For the last decade of the 20th century and the whole of this 21st century, Eleanor Kenitzer has been the pulsing heart of a musical experience in Nevada County and beyond. The singing of gold miners who came from Cornwall had been heard in these parts for 90 years. It was Eleanor who helped bring it back to life, first in the Cornish Carol Choir and then the Grass Valley Male Voice Choir. And now she’s stepping down as director of the Male Voice Choir.

In these years she has brought to life a tradition that has rung throughout villages and towns in Cornwall and now sings out in Nevada County communities. The Grass Valley Male Voice Choir and Eleanor Kenitzer have been joined at the heart of who we are as a community.

Reports from the Choir’s several trips to sing in Cornwall are that Cornish audiences are amazed that American men can sing so well, especially when signing traditional Cornish music. But Eleanor has music in her bones, and some of her methods proved instructive to the Cornish groups. She holds the title of Bard of Cornwall, an award bestowed for her services in helping maintain the “national Celtic spirit of Cornwall.”

With Eleanor, what you see is what you get. She has no pretense. What appear to be “off the wall” comments are often right to the point. She is outspoken – you don’t have to wait around to learn what she thinks or feels about something.

When concert time arrives, she puts on her show face, reaching out to everyone in the audience to make contact. She’s folksy in introducing music to an audience and the long-time members of our audiences love it; some traditionalist singers squirm.

Her knowledge of music is deep and wide – musically sophisticated, but by no means stuffy or overly pedantic. She’s just folks, and she had followers who were sure to come whenever and wherever we sing.

She acknowledged the talents/experience of choir members, enlisting some to do solo parts, or introduce songs. When a choir member made a suggestion, she listened. The suggestion may or may not have resulted in a change. Eleanor was in charge in all things musical. If a singer had a complaint, her stock answer was “watch the director. I won’t direct it exactly the same every time, so WATCH! I’ll direct it as it fits right when we’re singing it.”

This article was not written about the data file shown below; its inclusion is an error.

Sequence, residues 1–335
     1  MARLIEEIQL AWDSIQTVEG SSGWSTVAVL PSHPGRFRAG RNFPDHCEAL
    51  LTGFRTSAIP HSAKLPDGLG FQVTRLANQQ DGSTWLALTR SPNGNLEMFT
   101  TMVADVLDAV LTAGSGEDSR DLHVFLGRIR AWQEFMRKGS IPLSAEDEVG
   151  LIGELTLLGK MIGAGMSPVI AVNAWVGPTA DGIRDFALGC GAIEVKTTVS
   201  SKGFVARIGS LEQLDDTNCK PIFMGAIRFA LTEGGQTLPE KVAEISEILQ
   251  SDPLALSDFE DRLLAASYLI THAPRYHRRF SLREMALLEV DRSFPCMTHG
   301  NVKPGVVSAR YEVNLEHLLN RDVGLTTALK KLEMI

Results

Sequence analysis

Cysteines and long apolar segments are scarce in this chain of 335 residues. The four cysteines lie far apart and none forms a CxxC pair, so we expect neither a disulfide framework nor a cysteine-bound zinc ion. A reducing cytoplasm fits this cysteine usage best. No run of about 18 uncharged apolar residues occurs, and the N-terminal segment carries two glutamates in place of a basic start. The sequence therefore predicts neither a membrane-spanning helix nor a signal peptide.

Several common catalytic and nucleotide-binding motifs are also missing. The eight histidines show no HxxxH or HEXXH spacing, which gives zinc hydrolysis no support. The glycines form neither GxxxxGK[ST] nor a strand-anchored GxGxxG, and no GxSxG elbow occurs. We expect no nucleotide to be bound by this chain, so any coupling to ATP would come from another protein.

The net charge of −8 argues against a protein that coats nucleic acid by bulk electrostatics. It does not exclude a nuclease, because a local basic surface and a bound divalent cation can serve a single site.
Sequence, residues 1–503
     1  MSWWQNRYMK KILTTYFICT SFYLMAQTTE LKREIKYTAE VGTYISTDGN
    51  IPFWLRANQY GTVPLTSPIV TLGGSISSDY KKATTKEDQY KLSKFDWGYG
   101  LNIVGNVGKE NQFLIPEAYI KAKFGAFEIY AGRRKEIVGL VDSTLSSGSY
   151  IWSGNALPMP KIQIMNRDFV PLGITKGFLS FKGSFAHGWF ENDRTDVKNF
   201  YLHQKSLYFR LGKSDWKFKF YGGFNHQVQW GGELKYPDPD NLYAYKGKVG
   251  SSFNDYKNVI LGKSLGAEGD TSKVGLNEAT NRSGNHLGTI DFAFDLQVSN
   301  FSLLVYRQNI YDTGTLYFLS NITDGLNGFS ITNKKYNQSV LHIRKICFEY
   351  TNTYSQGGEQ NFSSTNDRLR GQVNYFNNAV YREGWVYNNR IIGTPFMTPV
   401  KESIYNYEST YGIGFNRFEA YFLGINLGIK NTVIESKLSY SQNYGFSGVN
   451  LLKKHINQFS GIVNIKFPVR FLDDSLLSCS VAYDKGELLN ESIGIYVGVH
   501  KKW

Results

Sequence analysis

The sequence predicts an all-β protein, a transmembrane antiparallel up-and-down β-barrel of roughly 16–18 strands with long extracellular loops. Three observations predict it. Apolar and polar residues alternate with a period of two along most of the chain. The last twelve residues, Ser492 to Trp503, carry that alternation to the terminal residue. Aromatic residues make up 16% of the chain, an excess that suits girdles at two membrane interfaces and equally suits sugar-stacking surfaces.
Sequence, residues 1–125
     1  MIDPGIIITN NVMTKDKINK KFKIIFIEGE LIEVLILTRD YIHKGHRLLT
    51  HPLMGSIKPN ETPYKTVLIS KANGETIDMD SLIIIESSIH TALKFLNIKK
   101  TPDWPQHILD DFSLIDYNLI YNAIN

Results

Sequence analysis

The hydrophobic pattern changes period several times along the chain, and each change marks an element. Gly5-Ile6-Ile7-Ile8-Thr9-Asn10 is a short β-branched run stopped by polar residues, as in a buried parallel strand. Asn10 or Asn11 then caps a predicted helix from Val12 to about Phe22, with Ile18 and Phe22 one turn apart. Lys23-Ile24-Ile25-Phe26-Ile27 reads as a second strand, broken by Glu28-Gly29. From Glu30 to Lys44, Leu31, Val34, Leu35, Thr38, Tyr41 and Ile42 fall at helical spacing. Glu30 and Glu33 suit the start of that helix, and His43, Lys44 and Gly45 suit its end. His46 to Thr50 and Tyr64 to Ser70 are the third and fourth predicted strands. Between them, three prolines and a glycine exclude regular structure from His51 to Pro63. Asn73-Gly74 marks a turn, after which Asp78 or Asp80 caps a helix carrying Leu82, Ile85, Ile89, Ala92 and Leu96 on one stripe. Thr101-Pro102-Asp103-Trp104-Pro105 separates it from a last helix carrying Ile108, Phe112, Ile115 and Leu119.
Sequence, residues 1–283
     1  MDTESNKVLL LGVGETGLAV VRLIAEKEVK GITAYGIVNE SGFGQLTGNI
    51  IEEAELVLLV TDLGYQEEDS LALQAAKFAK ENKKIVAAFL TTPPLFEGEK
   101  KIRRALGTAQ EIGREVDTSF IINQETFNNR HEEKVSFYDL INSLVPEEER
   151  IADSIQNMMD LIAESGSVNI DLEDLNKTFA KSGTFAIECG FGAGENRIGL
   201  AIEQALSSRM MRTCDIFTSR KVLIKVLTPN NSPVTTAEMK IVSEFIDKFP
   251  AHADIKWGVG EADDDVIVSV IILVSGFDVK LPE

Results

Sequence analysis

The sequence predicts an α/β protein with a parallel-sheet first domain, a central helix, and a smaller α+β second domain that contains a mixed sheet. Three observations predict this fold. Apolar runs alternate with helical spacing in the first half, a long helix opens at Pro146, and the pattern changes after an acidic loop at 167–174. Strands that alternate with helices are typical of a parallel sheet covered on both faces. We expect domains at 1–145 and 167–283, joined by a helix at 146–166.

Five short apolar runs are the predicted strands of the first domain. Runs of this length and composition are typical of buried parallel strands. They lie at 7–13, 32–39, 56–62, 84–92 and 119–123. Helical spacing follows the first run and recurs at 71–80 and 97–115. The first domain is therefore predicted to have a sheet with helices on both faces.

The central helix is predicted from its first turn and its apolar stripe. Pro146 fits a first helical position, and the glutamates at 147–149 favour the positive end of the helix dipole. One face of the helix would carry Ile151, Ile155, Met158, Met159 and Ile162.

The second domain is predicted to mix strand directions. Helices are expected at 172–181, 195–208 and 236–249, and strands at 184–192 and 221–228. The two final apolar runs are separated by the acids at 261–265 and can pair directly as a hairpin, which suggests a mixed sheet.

In my fourteen years, we have sung a variety of music. Personal favorites of mine are Take Me Home with the haunting memory of a Cornish boy leaving home and returning, the raucous and fun Christmas in About Three Minutes, and Shall We Gather at the River, Darryl Crawford’s arrangement of an American classic. There were Broadway favorites, African American spirituals, and some traditional and classical religious music.

Among the thirty-five men in the Choir, Eleanor was one of two women regularly present. She could mix it up with us and often joked about having dozens of “choir husbands.” (The other woman was Karen Driscoll, for many years our much-loved accompanist, and now Janet Rossman.)

Eleanor has remained in contact with retired choir members, their wives and families. She’s been the point person in remembering those who are ill, are having surgery or have died, the thread that connects who and what we are now to who and what we have been in years past. We’ll see how a new thread may be woven as the future unfolds.

As to retiring as Male Voice Choir Director, Eleanor’s attitude seems to be that all things come in their time and now is the time for her and for the Choir. Singing is indeed deep in the heart of human beings, pulsing in our blood. There’s a reason the Grass Valley Male Voice Choir sings at each concert, “What Would I Do Without My Music?”